A basic definition for tajine is below:

A tajine or tagine is a historically Berber dish from North Africa that is named after the type of earthenware pot in which it is cooked. The traditional method of cooking with a tajine is to place the tajine over coals. A traditional tajine pot consists of two parts: a base unit that is flat and circular with low sides and a large cone- or dome-shaped cover that sits on the base during cooking. The cover is designed to promote the return of all condensation to the bottom.

By using this definition, “two parts, bottom is circular with low sides and a dome shaped cover,” we can infer that a hard shell clam makes the perfect natural tajine pot. Using clam shells as miniature tajine pots, we created BBQ clams “tajine-style.”

Our version uses hard shell clams that are cooked over a hot fire. Setting them over a bed of salt keeps them from sliding in the pan when moving them. The clams cook up in their juices with fresh herbs, hot pepper slices, and whole butter. They are finished with a splash of white wine vinaigrette. Since they will be served tableside, ensure the shells are scrubbed well before opening and shucking. 

Serve the Clams Tajine-Style by themselves as an appetizer, or atop fresh greens for a salad. The basic recipe and procedure is below. Experiment with your favorite herbs and spices.

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Clams, "Tajine-Style"

Great little appetizer, these clams are cooked in their own natural cooking vessels.

Ingredients

  • Hard shelled clams, shucked, keeping all shells
Toppings
  • Whole butter pats
  • Slices of red hot peppers (for less heat, scrap the seeds out first)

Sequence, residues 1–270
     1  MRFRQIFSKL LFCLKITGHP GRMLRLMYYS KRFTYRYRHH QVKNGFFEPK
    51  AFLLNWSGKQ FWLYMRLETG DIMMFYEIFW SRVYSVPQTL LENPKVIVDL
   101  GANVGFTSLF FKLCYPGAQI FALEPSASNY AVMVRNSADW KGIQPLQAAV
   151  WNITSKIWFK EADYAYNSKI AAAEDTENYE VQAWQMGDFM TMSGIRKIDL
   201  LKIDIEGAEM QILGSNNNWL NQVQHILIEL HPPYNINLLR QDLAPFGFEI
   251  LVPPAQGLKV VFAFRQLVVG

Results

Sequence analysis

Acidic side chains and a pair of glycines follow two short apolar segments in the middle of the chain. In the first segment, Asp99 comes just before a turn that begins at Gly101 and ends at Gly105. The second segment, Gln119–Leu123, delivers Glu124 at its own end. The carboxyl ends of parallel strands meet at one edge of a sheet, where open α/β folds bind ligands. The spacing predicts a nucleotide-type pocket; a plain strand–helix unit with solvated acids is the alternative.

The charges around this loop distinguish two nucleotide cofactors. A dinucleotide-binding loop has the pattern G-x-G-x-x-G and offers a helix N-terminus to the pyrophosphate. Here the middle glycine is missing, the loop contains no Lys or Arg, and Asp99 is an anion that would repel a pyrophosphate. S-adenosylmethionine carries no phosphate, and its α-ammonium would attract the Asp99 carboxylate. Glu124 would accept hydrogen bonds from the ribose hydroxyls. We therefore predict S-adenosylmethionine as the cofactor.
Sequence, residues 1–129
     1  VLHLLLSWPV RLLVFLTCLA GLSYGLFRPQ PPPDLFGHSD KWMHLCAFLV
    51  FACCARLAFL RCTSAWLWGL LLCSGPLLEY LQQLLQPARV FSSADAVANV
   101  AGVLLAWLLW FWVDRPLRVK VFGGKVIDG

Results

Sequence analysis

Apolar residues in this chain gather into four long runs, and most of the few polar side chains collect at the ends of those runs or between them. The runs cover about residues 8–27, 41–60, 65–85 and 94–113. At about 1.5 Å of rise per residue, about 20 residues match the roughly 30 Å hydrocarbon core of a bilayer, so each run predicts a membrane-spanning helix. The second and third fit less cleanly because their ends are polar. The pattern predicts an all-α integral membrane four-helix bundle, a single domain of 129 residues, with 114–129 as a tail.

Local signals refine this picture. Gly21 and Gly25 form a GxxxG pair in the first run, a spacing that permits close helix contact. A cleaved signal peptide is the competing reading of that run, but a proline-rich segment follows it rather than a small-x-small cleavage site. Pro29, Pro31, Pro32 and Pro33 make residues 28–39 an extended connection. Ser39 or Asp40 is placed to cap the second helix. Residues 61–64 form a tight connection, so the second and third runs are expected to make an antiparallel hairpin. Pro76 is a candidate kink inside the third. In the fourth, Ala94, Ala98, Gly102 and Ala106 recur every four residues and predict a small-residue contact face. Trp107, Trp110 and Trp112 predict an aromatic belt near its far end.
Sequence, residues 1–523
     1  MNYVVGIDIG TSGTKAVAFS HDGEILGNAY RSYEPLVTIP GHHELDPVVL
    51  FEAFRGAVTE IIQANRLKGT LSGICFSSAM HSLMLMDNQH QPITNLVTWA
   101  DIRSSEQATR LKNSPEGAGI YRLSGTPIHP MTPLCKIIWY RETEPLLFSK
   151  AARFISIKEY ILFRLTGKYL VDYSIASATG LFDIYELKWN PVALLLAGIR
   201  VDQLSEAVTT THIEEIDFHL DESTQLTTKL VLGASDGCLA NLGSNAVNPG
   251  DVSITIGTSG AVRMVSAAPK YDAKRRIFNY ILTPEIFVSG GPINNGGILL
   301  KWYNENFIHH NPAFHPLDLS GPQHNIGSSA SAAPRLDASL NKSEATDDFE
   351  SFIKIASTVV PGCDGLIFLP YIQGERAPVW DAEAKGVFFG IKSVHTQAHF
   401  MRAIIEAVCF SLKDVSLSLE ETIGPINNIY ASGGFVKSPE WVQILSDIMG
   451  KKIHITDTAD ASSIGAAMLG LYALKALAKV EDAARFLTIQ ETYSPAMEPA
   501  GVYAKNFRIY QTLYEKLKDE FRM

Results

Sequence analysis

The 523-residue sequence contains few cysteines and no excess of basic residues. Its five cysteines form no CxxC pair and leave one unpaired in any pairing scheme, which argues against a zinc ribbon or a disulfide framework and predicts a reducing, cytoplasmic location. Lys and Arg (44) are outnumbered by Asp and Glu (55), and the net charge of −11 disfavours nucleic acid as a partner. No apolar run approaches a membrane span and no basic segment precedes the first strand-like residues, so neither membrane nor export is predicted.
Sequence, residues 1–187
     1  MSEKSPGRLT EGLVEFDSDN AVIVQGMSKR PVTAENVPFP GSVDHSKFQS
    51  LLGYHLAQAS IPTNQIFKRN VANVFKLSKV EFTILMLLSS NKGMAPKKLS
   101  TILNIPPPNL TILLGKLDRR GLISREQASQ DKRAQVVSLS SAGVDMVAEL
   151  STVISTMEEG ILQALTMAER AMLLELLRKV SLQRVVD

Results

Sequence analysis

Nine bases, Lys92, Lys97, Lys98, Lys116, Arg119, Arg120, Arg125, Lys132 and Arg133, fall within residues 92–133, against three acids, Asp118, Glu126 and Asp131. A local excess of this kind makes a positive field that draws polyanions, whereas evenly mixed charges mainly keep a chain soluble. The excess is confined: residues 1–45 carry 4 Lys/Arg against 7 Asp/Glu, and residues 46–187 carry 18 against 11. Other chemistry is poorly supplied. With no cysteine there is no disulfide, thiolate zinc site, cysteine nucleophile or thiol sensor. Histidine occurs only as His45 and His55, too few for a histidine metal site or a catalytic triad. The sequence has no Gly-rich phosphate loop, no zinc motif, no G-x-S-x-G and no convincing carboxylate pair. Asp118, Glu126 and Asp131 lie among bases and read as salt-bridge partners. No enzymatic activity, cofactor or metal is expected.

• Fresh herbs: Italian flat leaf parsley, basil, marjoram
  • White Wine Vinaigrette (canola oil, white wine vinegar, salt, pepper, Dijon mustard)
  • Salt and pepper

Instructions

  1. Before shucking clams, scrub the shells well to clean them.
  2. Lay the shucked clams, still in their bottom shells, on a layer of Kosher or rock salt that is placed in a bbq-proof pan (cast iron works well). The salt will keep them from shifting when moving the pan from grill to table.
  3. Top each with a pat of whole butter, herbs, and a pinch of salt.
  4. Cover each clam with the matching shell.
  5. Place over flames in a charcoal or wood bbq. Cook until the clams are done, taking care to watch the shells. They may "pop" during cooking, which is natural, but take care of flying shells. It is helpful to cover the clams during cooking with the bbq lid.
  6. Remove the clams from the bed of salt, and drizzle with a spot of white wine vinaigrette, and fresh black pepper if desired.
  7. Serve.
John’s motto is ‘release it unharmed or do it justice on the plate.’ Executive Chef, photographer, and surfer, John photographs ocean marine life when he’s out fishing, and creates masterpieces in the kitchen with what he keeps on deck. His photo works have been used in OEHHA Fish Advisories, National Geographic presentations, and nonprofit marine life groups. When he’s not fishing, he’s making great BBQ. Visit him at johnsheltondesigns.com, and send him a message using the contact form using the link above.